For­age and Chat­ter 9½/10

Sunday Herald Life - - Review - Joanna Blyth­man

YEARS back I re­viewed a restau­rant at num­ber 1a Alva Street in Ed­in­burgh. It was try­ing its best, but I felt that it was fight­ing an im­pos­si­ble bat­tle with its base­ment premises — cold, gloomy, ser­pen­tine — and its dis­creet, sub-street level en­trance. About a year ago when For­age and Chat­ter set up in this spot I didn’t pay a whole lot of at­ten­tion. Sadly, an­other lamb to the slaugh­ter, I thought, quite wrongly. The first For­age and Chat­ter blog made ref­er­ence to its “some­what hid­den space” be­fore quickly mov­ing on to de­scribe its thor­ough re­fur­bish­ment: “We’ve filled the restau­rant with dif­fer­ent types of plants sur­rounded by open brick work and dim light­ing to en­hance the theme of for­ag­ing, fo­liage and hid­den trea­sures...” and so on. Give them credit for try­ing, I con­cluded, but it won’t last. And then I kept com­ing across the menu, which reads rather well, and find­ing my­self in the area the other day, I de­cided to give it a go.

So For­age and Chat­ter has taught me to re-check my hasty as­sump­tions.

We wan­der in cock­ily on a week­day lunchtime with­out mak­ing a book­ing to find the place full. A 15-minute wait for a ta­ble, no less. The place is trans­formed. Past a beau­ti­ful cop­per-topped bar we thread our way through rooms that lead in­trigu­ingly to more rooms, all warmed by their cop­per and syl­van green tones and toasty tem­per­a­ture. There are even some din­ers out­side, for heav­ens sake. You have to take your hat off to any en­ter­prise that can lure peo­ple out­side to a sunken New Town ter­race in win­ter.

For­age and Chat­ter is heart­en­ing ev­i­dence of how Scot­land has dumped all that old-school Taste of Tar­tan bag­gage with its pa­thet­i­cally in­se­cure “We’ve got the best larder in the world” brag­ging, and re­placed it with a more ma­ture, con­fi­dent mod­ern re-em­pha­sis. In For­age and Chat­ter’s words, it serves “lo­cally sourced Scot­tish cui­sine”. Up comes the com­pli­men­tary For­age and Chat­ter fried bread — a hot roll that re­minds me of fried pizza dough — along with a downy­white quenelle of cul­tured yo­gurt but­ter dusted with wild mush­room pow­der, and a cheese and nut-free “pesto” that owes its body and bright colour to dill and pars­ley. I’m rapidly see­ing the er­ror of my ways. Why didn’t I get here sooner?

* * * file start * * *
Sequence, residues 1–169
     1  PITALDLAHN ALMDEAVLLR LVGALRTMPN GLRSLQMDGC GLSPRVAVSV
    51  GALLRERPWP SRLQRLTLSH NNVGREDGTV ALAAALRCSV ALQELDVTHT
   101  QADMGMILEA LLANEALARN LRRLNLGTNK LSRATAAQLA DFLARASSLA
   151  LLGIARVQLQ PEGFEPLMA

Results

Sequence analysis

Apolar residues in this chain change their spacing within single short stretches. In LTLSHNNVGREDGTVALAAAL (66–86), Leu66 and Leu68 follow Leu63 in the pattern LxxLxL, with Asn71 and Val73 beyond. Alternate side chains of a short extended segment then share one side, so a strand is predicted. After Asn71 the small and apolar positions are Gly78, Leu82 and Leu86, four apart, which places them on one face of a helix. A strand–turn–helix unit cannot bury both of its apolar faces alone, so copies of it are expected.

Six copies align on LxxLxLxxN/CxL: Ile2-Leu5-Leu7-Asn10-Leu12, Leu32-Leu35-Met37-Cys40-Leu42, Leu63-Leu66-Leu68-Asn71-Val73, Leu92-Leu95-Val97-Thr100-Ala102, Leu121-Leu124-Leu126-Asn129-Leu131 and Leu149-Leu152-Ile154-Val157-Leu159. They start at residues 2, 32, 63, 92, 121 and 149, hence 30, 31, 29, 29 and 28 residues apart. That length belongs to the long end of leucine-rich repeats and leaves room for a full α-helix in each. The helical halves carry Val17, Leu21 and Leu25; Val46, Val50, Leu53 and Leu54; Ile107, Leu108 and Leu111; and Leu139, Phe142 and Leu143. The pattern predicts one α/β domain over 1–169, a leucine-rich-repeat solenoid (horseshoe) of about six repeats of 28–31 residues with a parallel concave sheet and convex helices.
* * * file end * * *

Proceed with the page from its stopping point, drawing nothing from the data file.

A starter of win­ter veg­etable salad, house-made ri­cotta, and herb oil looks strik­ingly clean­cut and bright, if wor­ry­ingly slight, but I steadily ad­mire it more with each mouth­ful of its furry yet firm Jerusalem ar­ti­choke, sweetly pick­led curls of finely shaved beet­root, soft leeks, smooth young cheese, punchy cel­ery leaves, and green glint­ing oil. The next starter – “onion tart, black gar­lic, goat’s curd” — is cut from the same cloth. It looks stun­ning, if sparse, but with ev­ery mol­e­cule of its thin, crisp puff pas­try base, its taupe-coloured onion mush, the vel­veteen whirls of the curd, its shal­lots fried crisply in rings and cooked crunchy to make del­i­cate lit­tle cups, its pa­per-thin slices of pearly, fresh gar­lic, my re­spect grows. The whole thing is a rhap­sody on the al­lium genus, show­cas­ing its full gamut of tex­tures and tastes.

There’s noth­ing mean about the aged beef sir­loin main course: three large, half-inch thick slices of pink juicy meat, only pass­ingly seared on the sur­face, that eat like a dream. Un­con­ven­tion­ally, it doesn’t come with some form of po­tato, just a good gravy, cubes of fried ox tongue and mush­room, lar­dons of ba­con, creamed Savoy cab­bage, and browned shal­lots. Cod, from the good-value lunch menu, is just as as­sured with its am­ber-gold, but­tery crust, a lit­tle stew of the green flags of leek, hard-fried yel­low-fleshed pota­toes, and a punchy ca­per sauce that’s half way to be­ing a salsa verde.

Dainty desserts un­der­line the kitchen’s un­stint­ing care and ef­fort. There’s as­trin­gent sea buck­thorn given a pos­set­like treat­ment matched by bold cin­na­mon-scented car­rot cake and a lit­tle minaret of semi-soft white choco­late, or the mel­low milk choco­late mouse with its ex­em­plary pear sor­bet and purée. As I said, For­age and Chat­ter has taught me a les­son.

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